Heavy Rail – Local and Suburban

The term ‘heavy rail’ is used to refer to conventional mainline railways, in comparison to metros, tramways, or other transit modes.

Image of class 332 Heathrow Express train at Paddington Station as example of a local or suburban train type
Heathrow Express class 332 at Paddington station. Source: Office of Rail and Road

These systems are normally to the full standards for mainline rail, including the National Technical Specification Notices and Railway Group Standards.
A heavy rail line or train will normally need to integrate with national signalling and communications control arrangements.
Freight compatibility is normally good, though the capability of structures and of gauge clearance on routes is variable.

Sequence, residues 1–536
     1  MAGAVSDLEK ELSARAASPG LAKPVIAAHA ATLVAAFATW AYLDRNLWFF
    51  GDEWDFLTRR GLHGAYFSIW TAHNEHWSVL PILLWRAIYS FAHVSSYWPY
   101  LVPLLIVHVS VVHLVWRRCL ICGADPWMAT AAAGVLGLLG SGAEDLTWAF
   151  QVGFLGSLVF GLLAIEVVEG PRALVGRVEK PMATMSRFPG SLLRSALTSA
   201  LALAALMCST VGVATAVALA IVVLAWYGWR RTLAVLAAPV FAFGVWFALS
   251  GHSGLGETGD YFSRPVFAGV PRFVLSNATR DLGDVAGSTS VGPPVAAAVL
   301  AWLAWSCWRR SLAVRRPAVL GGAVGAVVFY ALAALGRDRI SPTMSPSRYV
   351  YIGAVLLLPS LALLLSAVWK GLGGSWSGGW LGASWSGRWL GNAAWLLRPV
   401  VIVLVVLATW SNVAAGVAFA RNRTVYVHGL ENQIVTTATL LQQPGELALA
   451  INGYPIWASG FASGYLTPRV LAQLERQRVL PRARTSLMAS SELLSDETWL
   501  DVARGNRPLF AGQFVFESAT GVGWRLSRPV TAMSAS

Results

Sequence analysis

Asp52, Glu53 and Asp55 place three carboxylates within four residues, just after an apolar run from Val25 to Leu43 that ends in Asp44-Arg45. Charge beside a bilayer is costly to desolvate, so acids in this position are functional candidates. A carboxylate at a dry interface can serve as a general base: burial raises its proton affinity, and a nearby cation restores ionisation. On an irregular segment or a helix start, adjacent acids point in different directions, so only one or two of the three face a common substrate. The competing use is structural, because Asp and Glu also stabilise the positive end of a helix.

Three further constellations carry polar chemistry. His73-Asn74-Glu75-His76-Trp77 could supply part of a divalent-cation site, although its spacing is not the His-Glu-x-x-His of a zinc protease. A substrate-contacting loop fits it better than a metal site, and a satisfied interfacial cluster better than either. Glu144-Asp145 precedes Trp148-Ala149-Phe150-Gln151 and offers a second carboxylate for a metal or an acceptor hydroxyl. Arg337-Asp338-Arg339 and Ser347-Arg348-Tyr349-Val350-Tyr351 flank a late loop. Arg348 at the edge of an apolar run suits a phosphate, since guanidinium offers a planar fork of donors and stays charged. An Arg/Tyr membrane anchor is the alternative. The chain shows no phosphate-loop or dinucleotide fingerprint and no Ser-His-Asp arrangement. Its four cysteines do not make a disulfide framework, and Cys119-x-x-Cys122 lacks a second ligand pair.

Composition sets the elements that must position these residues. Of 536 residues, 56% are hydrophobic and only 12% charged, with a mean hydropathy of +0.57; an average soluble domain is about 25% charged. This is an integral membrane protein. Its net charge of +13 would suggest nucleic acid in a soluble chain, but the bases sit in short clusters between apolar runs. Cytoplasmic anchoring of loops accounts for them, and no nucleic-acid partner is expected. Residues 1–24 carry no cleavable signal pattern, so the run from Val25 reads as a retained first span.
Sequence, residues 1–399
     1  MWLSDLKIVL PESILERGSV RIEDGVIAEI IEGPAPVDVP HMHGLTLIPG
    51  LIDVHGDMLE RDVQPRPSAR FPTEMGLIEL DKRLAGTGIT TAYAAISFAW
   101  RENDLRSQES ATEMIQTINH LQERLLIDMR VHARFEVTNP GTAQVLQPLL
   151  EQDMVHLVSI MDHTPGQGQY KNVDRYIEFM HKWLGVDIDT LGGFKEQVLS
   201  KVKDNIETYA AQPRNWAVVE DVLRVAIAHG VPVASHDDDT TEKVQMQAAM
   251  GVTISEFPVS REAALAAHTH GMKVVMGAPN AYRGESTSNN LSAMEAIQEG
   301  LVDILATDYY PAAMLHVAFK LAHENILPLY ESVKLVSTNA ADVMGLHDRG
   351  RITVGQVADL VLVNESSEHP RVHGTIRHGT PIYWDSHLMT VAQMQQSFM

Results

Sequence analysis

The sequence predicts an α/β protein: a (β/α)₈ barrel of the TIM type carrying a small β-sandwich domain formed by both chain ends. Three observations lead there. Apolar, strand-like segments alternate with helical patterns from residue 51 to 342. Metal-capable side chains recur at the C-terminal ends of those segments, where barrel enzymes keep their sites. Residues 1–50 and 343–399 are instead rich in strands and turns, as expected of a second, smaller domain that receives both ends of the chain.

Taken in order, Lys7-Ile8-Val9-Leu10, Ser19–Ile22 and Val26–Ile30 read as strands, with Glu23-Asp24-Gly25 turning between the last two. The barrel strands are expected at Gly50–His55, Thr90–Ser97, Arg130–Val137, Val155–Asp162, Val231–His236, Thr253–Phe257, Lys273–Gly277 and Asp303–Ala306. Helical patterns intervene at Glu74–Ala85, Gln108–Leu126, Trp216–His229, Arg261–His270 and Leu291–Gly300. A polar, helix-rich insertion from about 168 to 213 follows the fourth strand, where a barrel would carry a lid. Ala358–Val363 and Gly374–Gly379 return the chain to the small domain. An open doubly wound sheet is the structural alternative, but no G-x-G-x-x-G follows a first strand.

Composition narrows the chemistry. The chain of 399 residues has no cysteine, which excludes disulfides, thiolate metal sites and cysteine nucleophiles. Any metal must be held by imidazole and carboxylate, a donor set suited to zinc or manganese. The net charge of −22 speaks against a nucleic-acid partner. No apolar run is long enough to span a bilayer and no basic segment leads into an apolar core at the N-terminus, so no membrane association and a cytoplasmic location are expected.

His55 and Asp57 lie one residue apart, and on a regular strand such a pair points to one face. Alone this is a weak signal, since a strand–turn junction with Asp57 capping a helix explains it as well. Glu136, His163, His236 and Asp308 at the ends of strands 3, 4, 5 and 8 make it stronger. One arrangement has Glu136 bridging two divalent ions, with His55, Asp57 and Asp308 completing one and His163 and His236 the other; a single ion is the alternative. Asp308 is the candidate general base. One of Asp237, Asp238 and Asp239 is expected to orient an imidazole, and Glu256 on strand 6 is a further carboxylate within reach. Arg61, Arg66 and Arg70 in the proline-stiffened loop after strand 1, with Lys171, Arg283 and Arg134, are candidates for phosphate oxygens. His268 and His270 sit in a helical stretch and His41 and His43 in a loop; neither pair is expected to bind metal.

Local and suburban train services normally operate on routes with relatively closely spaced stations, and as a result peak speeds achieved are relatively modest. Train capacity is often achieved with an assumption of a significant proportion of standing passengers in peak periods; this can be acceptable as journey times on these services are relatively short for most passengers.

The vehicle types used in urban and suburban services are also often found being used for rural rail services, though generally in shorter train formations.